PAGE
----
Overall, the team found that people felt more tenure-secure, and that their property rights were being protected as result of REDD+. This was deduced by looking at data on how farmers use their land.

“For example, we noted increased agricultural intensification in Central Kalimantan, which is a mechanism for reducing deforestation because it decreases the need to convert forest to agricultural land,” says Jagger.

Mobile phone usage is another example. An increase in the number of people using mobile phones indicated better economic conditions for people in these villages.

The team also looked at the use of poverty certificates, or ‘poor letters’, which are issued by village leaders to enable people to access social welfare schemes.

“The research shows an increase in the number of poor letters issued in REDD+ villages, which could indicate an increase in poverty levels,” says Jagger.

“But this could also be due to increased awareness of people’s rights to access these social services as a result of REDD+. So more research is needed in this area,” she adds.


Moving forward, the team recommends against designing entirely new monitoring and evaluation REDD+ systems for data collection on social impacts, but adds that this method does not preclude other monitoring and evaluation that could be instrumental in understanding local impacts of REDD+, including efforts by REDD+ projects to include social impact components in their own evaluations.

The study shows that governments can monitor and evaluate REDD+ through existing data and this can be expanded if more indicators are included in ongoing data collection efforts in the future.

One thing is clear: the researchers say data that are regularly collected need to be improved to give a broader picture of REDD+ impacts.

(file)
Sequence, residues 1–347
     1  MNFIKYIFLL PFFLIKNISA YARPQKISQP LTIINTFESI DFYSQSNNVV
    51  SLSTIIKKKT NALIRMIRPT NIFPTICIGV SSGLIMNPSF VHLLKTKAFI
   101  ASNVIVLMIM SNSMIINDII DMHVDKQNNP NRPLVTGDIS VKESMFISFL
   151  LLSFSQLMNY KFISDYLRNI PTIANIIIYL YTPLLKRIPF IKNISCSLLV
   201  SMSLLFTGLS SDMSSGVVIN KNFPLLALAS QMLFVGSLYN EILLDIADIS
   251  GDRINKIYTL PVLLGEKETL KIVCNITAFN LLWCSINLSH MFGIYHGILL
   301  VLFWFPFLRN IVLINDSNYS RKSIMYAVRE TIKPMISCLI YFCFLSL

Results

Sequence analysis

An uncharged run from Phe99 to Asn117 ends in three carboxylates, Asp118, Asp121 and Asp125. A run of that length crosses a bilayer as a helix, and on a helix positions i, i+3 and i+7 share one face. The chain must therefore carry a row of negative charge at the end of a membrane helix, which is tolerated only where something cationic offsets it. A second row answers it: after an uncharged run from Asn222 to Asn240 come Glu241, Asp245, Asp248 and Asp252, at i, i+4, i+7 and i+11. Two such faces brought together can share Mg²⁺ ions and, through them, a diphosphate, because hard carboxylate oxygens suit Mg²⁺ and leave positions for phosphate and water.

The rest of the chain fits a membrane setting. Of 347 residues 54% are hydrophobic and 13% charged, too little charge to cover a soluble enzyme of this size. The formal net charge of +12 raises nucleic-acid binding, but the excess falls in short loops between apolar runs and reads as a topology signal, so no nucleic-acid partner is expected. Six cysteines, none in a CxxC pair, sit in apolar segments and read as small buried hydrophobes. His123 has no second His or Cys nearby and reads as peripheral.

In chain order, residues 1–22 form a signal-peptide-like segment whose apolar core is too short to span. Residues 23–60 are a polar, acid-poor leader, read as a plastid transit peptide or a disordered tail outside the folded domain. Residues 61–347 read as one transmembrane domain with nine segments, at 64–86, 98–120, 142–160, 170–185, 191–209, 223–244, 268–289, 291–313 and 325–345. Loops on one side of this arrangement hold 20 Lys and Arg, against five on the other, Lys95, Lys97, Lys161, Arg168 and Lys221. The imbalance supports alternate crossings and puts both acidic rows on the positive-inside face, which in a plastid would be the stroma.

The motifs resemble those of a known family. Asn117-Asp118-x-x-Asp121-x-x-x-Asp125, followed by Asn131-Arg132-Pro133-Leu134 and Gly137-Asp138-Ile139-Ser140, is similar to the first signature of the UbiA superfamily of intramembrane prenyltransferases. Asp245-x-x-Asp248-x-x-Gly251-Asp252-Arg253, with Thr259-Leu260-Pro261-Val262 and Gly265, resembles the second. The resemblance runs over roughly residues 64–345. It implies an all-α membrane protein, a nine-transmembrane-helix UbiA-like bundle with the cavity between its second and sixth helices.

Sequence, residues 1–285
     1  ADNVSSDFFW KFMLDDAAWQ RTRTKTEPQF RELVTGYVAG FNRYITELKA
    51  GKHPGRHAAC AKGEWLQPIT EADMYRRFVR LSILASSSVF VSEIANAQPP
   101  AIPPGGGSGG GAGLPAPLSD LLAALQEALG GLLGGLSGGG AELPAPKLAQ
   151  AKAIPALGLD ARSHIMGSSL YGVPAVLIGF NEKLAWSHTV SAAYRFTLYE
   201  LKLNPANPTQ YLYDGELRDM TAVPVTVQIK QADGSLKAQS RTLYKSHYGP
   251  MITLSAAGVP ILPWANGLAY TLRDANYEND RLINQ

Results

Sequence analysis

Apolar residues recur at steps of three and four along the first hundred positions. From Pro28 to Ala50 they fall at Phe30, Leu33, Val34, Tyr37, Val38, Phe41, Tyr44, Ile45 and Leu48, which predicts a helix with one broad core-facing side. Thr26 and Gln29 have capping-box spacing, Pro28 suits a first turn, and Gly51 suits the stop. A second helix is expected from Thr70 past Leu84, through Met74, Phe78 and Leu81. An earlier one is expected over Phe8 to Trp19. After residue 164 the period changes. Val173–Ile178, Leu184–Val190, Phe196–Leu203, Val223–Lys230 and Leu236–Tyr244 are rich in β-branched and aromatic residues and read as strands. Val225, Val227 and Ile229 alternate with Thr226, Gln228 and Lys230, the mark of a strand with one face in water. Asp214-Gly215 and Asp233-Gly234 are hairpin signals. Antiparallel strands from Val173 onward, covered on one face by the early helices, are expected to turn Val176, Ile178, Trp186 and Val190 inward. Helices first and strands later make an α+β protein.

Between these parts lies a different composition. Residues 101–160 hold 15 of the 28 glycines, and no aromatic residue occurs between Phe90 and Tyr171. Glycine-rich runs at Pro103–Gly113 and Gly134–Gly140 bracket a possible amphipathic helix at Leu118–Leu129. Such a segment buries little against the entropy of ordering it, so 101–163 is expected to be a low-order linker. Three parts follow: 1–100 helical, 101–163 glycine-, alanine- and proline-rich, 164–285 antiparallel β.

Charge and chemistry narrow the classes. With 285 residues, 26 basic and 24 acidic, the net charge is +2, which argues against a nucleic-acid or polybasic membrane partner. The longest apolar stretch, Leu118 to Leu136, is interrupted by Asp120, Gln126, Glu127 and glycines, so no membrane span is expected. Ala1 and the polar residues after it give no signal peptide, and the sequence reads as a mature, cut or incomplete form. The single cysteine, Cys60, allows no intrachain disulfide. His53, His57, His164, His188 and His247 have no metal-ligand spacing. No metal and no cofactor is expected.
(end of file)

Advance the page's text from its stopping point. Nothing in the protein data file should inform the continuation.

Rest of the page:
“Even though there are a lot of socioeconomic data sources for Indonesia, they may not cover the right time periods, may not be geo-referenced, or may be missing important indicators,” says Jagger.

For example, in West Kalimantan where the researchers had a sample of more than 5,000 villages, when they looked closely at each village the data weren’t complete. So more than half of the villages could not be included in their study.

“It’s a tremendous opportunity,” says Jagger.

“If the government was to put into place a system where they rely on existing ongoing data collection efforts to analyze REDD+ social impacts, they could simply add a few targeted questions to their regular data collection activities,” she adds.

Jagger says this would help even out some of these variables and provide real insights into the social impacts of REDD+ on communities.

Amy Duchelle, a senior scientist at the Center for International Forestry Research (CIFOR) who also studies social safeguards as part of the Global Comparative Study on REDD+, says more research like this is needed.

“This is an important study, since it provides insights for monitoring social safeguards across a landscape in a robust, yet cost-effective way,” she says.


REDD+ has been called a ‘win-win-win’ solution, addressing climate, the environment and human welfare. But Jagger says it’s important to understand the trade-offs, and it’s hard to do that if you don’t have really good data that focus on social impact in communities.

“We may end up saving lots of trees, but at what cost? If people are made worse off by REDD+ we need to know that,” she says.

This research was supported by the Norwegian Agency for Development Cooperation (Norad), the International Climate Initiative (IKI) of the German Federal Ministry for the Environment, Nature Conservation and Nuclear Safety (BMU), the UK Department for International Development (DFID), the Australian Department of Foreign Affairs and Trade (DFAT) and the European Union (EU).